For the first time in Guyana, a pericardiectomy heart surgery was conducted at the Dr Balwant Singh’s Hospital, saving the life of a 27-year-old male, who was reportedly told he only had 48 hours to live.According to Medical Director and Gynaecologist of the hospital, Dr Madhu Singh, the surgery on Fazil Ghanny, was performed by Dr Jerge Machin.Dr Singh highlighted that Ghanny was suffering from Constrictive Pericarditis and was being treated at another local hospital. However, when he was informed that he only had 48 hours to live, he contacted the Dr Balwant Singh’s Hospital for a second opinion.From left: Interventional Cardiologist, Dr Javier Almeida Gomes; Cardiac surgeon, Dr Jerge Machin; and Medical Director and Gynaecologist, Dr Madhu SinghAccording to information provided by the hospital, pericardium is a membranous double layer of tissue which encloses the heart. There is an outer fibrous layer, and an inner serous layer, the visceral pericardium. The visceral pericardium is the layer that adheres directly onto the heart.Constrictive pericarditis is caused when the pericardium becomes thick and fibrous, preventing the heart from functioning properly. The thick shell, which would be surrounding the heart in this case, prevents it from expanding when blood enters the right chamber. For very severe cases of constrictive pericarditis, it is essential to undergo a pericardiectomy operation.Ghanny was initially told that the surgery for his ailment was not possible in Guyana or anywhere in the Caribbean, by the same medical officials who told him his life’s countdown had began.Fortunately for Ghanny, this was not true as the Cardiac surgeon, Dr Jerge Machin; Interventional Cardiologist, Dr Javier Almeida Gomes and Cardiac Anaesthetist Gabriel Avalos were able to conduct the surgery on the 27-year-old man.The surgery which was conducted on June 3, 2016, lasted some seven hours, and the patient remained in the hospital for nine days before he was discharged. Ghanny related his story electronically to the reporters who were present at a press conference hosted by the hospital on Friday.“He stayed in the hospital a total of 18 days. Some of that time was spent when we had to stabilise him, we had to take him off of some of the medication that was harming him, we had to put him on some medication that he needed. Once he was relatively stable, that’s when Dr Machin proceeded to do the interview with him,” Dr Madhu Singh highlighted.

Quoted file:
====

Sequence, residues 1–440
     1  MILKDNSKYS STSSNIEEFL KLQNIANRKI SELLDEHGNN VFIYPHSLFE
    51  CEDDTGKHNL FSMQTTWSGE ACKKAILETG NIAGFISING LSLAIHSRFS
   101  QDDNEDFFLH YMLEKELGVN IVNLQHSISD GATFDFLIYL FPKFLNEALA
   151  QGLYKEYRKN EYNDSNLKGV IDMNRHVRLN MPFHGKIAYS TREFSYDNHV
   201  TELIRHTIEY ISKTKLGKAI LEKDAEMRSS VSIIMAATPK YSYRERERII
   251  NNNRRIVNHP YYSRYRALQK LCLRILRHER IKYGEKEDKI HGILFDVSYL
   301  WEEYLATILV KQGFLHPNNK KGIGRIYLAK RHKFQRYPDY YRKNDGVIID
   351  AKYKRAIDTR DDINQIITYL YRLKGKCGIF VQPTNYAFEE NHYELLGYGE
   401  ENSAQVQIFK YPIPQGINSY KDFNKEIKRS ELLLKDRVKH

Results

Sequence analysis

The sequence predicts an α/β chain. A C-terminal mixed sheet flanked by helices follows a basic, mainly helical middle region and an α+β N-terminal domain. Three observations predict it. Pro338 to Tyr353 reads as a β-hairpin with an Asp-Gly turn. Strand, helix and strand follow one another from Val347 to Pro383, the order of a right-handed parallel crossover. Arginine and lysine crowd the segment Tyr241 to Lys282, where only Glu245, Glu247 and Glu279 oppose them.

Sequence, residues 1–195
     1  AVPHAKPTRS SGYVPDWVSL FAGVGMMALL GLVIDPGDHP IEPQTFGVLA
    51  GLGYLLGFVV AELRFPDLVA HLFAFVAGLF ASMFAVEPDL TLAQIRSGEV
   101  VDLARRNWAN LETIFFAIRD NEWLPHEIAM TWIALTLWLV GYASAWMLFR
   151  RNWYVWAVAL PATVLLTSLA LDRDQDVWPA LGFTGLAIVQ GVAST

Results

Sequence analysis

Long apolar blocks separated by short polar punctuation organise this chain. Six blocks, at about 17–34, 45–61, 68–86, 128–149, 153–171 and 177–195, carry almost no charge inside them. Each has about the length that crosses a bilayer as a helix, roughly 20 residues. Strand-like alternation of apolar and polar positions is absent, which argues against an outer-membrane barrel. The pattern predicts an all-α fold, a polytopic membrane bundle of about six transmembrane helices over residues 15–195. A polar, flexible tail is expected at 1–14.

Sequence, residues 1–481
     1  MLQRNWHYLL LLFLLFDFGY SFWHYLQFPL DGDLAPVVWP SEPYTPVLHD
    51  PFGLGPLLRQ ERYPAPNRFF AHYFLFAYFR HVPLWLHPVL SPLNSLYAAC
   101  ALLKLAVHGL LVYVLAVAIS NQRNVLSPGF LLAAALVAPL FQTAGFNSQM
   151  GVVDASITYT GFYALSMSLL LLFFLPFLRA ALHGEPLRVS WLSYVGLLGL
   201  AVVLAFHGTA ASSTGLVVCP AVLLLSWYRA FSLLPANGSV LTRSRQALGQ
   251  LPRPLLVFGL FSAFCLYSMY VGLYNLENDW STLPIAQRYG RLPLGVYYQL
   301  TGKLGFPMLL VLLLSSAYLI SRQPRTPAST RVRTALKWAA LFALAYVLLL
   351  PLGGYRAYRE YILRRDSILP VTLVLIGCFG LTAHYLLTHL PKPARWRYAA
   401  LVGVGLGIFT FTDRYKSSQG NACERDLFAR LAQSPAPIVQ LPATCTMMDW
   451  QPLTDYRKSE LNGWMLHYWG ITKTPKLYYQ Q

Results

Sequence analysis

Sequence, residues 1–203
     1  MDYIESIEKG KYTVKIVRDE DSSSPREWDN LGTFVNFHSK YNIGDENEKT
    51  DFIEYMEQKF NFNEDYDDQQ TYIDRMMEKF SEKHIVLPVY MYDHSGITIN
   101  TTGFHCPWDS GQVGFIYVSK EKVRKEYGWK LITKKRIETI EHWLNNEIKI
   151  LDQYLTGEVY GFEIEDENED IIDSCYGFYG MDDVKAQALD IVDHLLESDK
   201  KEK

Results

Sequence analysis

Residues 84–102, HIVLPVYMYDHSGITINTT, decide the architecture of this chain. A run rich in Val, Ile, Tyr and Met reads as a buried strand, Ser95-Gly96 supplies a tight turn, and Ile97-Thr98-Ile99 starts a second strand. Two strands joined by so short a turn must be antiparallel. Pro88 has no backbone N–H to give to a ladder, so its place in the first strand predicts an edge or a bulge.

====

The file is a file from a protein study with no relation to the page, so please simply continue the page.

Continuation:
The Public Health Ministry and Pan American Health Organisation (PAHO/WHO) is expected to finalise the essential medicine list for Guyana during an ongoing three-day meeting with stakeholders at the Guyana Marriott Hotel, Kingston, Georgetown.PAHO/WHO Representative to Guyana, Dr William Adu-KrowThe medicine list is updated every 2-3 years via a lengthy process through a pharmaceutical team with the aid of a standard treatment guideline developed by the Public Health Ministry or in some instances, the Georgetown Public Hospital Corporation (GPHC).The list is then supplied to the Permanent Secretary with the Ministry’s annual budget, as that being recommended for the Government to procure and make available for patients’ use.Chief Medical Officer, Dr Shamdeo Persaud explained that every year, newer and more effective agents are added and those that were found to be ineffective are removed.“Each year we add the newer and more effective agents but we also remove medicines that we find are ineffective that they might be for resistance developed against some form of antibiotic and we have done that or that a drug have found not to be as effective as we did in the past,” Persaud noted.Persaud further added that the list contains generic items which have been recommended globally by the World Health Organisation.A section of the gathering“The medicines are in their true form, they are also categorised by strength and by the preparation type whether it is liquids or tablets, capsules, topical application so there might be one pharmaceutical agent but they might be available in 5-6 different forms so it’s quite a long list but we are trying to keep the items generic, that means that we look at the pharmaceutical active component and we recommend the generic items which WHO have been recommending globally rather than to go for brand.”In his remarks, PAHO/WHO representative to Guyana, Dr William Adu-Krow noted that essential medicines are critical to the functioning of any health system, especially in Guyana.Dr Adu-Krow further deemed the list as being among things that are of national priority.“Essential medicines are intended to be available within the context of functioning health systems at all times, in adequate amounts, in appropriate dosage forms with assured quality and adequate information and at a price that the individual and the community can afford” the PAHO/WHO representative added.Dr Adu-Krow added that “The implementation of the concept of essential medicines is intended to be flexible and adaptable to many different situations exactly which medicines are regarded as essential remains a national responsibility”.Regional advisers and consultants of WHO are currently leading the discussion in the finalisation of the Essential Medicine List. Regional health officers of the administrative regions, pharmacists, doctors and staff of the Material Management Unit and the Georgetown Public Hospital Corporation are among those participating in the three-day meeting.